October 27, 2022
6 min read

If the sea could talk to us, what would it say?

It would tell us it’s under threat from climate change – and ask us all to work together to preserve it by reducing greenhouse gases.

The sea does so much for us

The sea feeds us. It transports 90% of all globally-traded goods. It absorbs huge quantities of CO₂. Without it, the planet would be six to eleven degrees warmer. And every second breath we take comes from the oceans.

Decarbonizing the sea: it’s time to turn the tide

But the sea is being harmed by those who use it

Shipping is one of the least emission-intense forms of transport. But the sheer size of the maritime sector means that it produces more emissions than the aviation industry.

It produced over one billion tons of CO₂ in 2018. And it’s predicted that shipping will account for 17% of global carbon emissions by 2050 if nothing changes.

These greenhouse gases obviously contribute to climate change – and this has a direct effect on the sea:

Rising Sea Levels

Sea levels rise, and the increase in extreme weather impacts on shipping

Elevating Water Temperature

The temperature of the water increases, threatening the ecosystem of the sea

Absorbing CO₂

The sea’s ability to absorb CO₂ is reduced

The need to reduce emissions is therefore urgent.

Slower sailing speeds are one way to help, but this is hard to implement in today’s fast-moving, want-it-yesterday world.

More effective solutions include new fuels, new technologies and new ship designs.

These solutions require close collaboration between governments, companies and even competitors. We have developed and fostered many such partnerships, with e-fuel producers, shipping companies, boat builders, port authorities and more.

After all, we’re all in the same boat when it comes to climate change.

Electrofuel – carbon neutral liquid fuel made from renewable electricity – that is the big transition in energy supply for shipping companies and other hard-to-abate sectors.

Claes Fredriksson

CEO Liquid Wind

The target we have set for reducing CO₂ emissions by 70% by 2030 is one of the most ambitious goals in the industry. To achieve that, we need collaboration.

Christoffer Lillhage

Senior Business Development Manager – Energy, The Port of Gothenburg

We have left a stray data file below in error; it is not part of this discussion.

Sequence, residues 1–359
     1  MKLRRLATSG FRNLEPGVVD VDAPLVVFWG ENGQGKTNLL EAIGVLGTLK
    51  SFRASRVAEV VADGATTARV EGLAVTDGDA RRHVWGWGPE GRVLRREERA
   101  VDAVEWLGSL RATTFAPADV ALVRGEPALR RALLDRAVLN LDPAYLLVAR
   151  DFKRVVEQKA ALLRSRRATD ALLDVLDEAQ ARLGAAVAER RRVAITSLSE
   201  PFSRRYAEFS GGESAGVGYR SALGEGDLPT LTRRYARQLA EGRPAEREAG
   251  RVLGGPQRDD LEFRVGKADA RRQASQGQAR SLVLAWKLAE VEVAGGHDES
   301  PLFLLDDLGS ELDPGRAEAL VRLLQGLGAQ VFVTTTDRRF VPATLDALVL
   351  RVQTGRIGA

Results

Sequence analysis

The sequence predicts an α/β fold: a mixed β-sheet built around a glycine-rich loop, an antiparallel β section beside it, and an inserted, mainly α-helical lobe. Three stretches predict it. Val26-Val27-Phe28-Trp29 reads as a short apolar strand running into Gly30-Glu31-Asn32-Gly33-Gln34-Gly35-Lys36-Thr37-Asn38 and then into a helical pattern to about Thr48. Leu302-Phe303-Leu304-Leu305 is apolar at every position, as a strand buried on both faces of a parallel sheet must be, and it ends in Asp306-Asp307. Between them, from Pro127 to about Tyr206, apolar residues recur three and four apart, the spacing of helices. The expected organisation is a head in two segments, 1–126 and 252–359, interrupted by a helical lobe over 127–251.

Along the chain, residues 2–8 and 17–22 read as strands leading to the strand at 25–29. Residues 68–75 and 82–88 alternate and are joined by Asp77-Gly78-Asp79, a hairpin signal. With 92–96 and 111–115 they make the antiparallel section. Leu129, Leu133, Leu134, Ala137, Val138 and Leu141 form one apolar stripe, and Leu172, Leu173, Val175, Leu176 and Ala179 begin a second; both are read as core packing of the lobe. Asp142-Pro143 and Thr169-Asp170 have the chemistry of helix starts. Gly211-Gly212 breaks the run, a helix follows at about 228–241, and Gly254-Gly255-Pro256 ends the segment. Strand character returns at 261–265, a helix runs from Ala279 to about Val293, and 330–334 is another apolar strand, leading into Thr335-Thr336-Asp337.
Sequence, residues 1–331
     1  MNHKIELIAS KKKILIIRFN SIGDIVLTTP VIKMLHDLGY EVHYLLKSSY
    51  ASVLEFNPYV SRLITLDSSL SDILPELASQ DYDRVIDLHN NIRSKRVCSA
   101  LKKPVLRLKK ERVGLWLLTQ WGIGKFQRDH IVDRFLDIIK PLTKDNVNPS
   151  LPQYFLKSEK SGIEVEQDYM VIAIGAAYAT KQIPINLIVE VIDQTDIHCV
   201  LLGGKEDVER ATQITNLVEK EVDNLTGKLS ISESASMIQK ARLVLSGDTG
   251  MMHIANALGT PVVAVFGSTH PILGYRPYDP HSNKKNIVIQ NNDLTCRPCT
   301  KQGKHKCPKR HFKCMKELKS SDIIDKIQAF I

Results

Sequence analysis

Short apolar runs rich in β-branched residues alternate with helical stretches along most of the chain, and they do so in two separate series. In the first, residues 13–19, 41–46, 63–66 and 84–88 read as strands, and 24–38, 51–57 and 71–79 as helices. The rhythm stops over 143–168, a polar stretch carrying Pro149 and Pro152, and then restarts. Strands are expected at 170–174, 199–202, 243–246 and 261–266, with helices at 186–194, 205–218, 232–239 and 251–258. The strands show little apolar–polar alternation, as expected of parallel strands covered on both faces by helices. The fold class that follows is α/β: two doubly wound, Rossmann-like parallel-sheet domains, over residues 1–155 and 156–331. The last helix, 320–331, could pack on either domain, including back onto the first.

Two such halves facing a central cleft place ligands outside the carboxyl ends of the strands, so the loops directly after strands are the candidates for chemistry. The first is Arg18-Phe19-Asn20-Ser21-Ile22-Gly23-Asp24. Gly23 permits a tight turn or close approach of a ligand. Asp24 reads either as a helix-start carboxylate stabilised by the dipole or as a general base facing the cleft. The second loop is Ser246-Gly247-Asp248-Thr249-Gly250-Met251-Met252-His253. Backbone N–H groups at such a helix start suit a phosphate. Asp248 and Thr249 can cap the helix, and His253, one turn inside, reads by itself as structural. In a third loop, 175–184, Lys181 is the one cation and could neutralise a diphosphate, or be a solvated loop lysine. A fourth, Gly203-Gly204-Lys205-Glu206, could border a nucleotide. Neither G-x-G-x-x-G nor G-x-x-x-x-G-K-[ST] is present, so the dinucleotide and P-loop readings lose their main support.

The customer base will demand better environmental performance. It is just the reality of doing business now.

David Gordon

COO KiwiRail

We need to reduce our greenhouse gas emissions in advance of any regulations that may be around the corner.

Matt von Ruden

System Electrification Program Administrator, Washington State Ferry

With this e-methanol technology, the maritime sector can be decarbonized. It’s possible and viable, technically and also economically.

Knud Erik Andersen

CEO European Energy

It is important that we decarbonize as fast as possible and really push the green transition. These are new developments – but the technology is there.

Berit Hinnemann

Head of Green Fuels Sourcing, A.P. Moller - Maersk

If you want to achieve decarbonization, it is necessary to establish partnerships with other industries.

Francesca Pellegrini

Sales Manager for Marine Market, Siemens Energy

For all power-to-fuel development projects which are coming, you need to be partnering up.

Engelbert Schrapp

Principal Corporate Account Manager, Siemens Energy

We all know that we need to do something different. We need to change our mindset. And that is across all industries, not just the maritime industry.

Luke Briant

Director of Marine Solutions Americas, Siemens Energy

This vessel is really eco-friendly and I think more and more countries around the world will start to be curious about this.

Svein Erik Waskaas

Captain, Bastø Fosen Ferries

Views of the sea

With so many businesses depending on the sea, it’s everyone’s business to preserve it. Collaboration across all marine sectors enables projects that would otherwise not exist. And it accelerates decarbonization, for the ocean and for the whole planet.